So also if a woman with child he removed to a place, and

moval, and

peal.

there delivered of a bastard child, pending an appeal against 2. Bastards the order of removal; such child is not settled where born, born after robut in the parish from which the mother was removed, if the pending an ap❤ order of removal is quashed.-This appears from the case of Muck-Waltham ▼. Peram, Mic. 8 Wil. 3. The mother of a bastard child was a little time before her delivery removed by order of two justices from Much-Waltham to Peram; and be fore the next sessions was delivered at Peram of a bastard child. At the sessions Peram appealed, and the sessions adjudged the woman to be legally settled at Much-Waltham, and ordered her to be sent back thither. After this, an order was made for settling the child at Peram, and it was moved to quash this order; because, though regularly bastards must be maintained where born, yet where there is a contrivance that it shall be so, as seems in this case it is otherwise; and wheresoever an order is reversed, all things happening subsequent thereunto shall be avoided thereby; and this child being born pending the order ought to be esteemed in law to be born in that parish whereunto the mother, on the appeal, is returned back.-THE COURT seemed to agree to this; and a rule was made to shew cause, but none was shewed*. 2 Salk. 471.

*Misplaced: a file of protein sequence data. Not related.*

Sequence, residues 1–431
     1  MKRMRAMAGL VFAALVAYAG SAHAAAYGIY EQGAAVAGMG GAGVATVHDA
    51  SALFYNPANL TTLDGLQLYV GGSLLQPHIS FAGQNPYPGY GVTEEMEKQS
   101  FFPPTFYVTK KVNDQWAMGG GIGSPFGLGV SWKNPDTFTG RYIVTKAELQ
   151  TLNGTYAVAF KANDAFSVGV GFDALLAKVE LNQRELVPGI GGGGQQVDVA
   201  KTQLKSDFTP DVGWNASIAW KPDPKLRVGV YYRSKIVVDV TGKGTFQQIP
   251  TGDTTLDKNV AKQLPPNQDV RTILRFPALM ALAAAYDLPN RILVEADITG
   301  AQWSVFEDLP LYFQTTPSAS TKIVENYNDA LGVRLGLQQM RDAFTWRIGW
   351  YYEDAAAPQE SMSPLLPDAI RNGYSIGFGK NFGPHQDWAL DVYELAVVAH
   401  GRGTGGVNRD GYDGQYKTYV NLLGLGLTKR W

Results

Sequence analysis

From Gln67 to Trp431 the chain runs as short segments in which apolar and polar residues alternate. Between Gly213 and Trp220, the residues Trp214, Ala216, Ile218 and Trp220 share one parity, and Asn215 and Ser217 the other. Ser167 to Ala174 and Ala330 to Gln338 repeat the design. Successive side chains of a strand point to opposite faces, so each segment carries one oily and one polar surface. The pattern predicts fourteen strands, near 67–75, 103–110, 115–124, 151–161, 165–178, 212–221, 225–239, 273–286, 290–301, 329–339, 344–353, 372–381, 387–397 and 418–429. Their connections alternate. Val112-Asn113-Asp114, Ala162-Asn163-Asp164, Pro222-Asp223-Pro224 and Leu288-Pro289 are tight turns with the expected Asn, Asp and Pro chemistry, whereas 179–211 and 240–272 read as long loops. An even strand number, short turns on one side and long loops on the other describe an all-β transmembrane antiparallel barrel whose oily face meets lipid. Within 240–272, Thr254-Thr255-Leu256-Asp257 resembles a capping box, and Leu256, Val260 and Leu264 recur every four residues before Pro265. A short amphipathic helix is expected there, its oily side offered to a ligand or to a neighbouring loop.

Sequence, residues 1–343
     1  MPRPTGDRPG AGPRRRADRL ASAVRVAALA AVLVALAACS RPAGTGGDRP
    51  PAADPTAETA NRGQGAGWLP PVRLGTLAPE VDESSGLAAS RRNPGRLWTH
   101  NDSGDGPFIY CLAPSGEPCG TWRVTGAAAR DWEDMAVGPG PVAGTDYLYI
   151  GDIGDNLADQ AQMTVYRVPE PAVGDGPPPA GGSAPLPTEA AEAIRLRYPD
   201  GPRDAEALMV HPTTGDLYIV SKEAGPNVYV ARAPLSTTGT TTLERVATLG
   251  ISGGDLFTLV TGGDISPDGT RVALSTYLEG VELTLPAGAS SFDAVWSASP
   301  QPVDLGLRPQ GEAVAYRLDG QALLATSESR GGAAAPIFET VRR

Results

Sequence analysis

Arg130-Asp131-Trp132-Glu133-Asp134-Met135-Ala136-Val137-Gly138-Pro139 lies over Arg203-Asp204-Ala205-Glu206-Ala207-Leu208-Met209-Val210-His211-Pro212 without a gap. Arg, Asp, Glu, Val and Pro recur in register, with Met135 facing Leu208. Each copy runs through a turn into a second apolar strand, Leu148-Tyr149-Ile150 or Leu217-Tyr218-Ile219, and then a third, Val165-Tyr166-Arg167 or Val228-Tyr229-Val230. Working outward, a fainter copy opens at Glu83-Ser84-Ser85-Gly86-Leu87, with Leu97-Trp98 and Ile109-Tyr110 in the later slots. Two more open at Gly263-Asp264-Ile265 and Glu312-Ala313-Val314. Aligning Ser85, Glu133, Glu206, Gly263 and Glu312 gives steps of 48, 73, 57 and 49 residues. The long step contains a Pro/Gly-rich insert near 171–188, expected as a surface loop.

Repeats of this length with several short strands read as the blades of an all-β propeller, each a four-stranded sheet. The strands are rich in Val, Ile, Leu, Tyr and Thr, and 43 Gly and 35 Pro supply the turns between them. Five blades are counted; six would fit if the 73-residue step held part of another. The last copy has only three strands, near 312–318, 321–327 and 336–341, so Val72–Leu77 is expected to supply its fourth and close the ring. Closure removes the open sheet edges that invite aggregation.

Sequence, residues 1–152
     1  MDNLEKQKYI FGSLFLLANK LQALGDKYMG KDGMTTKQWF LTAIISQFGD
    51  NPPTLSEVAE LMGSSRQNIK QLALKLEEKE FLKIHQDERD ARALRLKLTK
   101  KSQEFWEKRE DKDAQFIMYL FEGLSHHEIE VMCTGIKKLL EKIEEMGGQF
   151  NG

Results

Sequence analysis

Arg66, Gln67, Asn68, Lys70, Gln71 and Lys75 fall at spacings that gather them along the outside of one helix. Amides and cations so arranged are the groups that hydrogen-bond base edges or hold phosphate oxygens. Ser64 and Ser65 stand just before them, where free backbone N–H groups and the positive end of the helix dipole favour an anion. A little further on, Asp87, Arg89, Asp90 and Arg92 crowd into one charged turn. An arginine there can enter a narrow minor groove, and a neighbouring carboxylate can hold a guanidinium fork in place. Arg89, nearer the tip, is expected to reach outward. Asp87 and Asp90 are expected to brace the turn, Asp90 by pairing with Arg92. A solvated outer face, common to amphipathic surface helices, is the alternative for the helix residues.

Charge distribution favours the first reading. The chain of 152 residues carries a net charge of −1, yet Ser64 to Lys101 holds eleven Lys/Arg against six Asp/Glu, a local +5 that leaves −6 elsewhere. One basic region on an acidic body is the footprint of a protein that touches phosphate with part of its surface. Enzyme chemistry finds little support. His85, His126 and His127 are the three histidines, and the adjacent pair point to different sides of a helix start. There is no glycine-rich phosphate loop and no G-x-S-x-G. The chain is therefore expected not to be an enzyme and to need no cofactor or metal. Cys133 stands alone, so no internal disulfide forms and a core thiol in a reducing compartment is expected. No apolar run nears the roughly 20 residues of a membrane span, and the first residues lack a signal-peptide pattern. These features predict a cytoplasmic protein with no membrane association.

So in the case of Westbury v. Coston, Hi!. 2 Ann.-A woman big with child was removed from Westbury to Coston, and pending the order before the next sessions, was delivered of a bastard child. Coston appealed, and the order of the two justices was reversed; but by another order of two justices the child was sent back to Corton, as the place of its birth. On an appeal against this order it was confirmed. But the proceedings being removed into the King's Bench; BY THE COURT, Although there is no fraud, yet the removal was wrongful, and the subsequent reversal of the order makes all void ab initio. Fraud or not fraud is not material in this case; but the settlement of the child depends upon the removal, for if that was wrong, they shall not ease themselves by it. 2 Salk.

532.

born while he

So also a bastard born on the road while the mother is 3. Bastards passing under an order of removal, is not settled where born; mother is refor it was resolved by the court in the case of the Q. v. Jane moving. Grey, Ea. 10 Ann. that if the parish officers are carrying a pregnant woman from one place to another by virtue of an or der of removal, and she is delivered on the road, in transitu,

Besides, the parish officers could not remove the woman until the appeal was determined; so that they had no remedy to prevent the birth of the child in their parish-See the case of Bereham v. Waltham, reported as of Hil. Ter. 8 Will. 3. in Carth. Rep. 397. in all probability the same case as that reported in Salkeld as above, under the name of Much-Waltham v. Peram.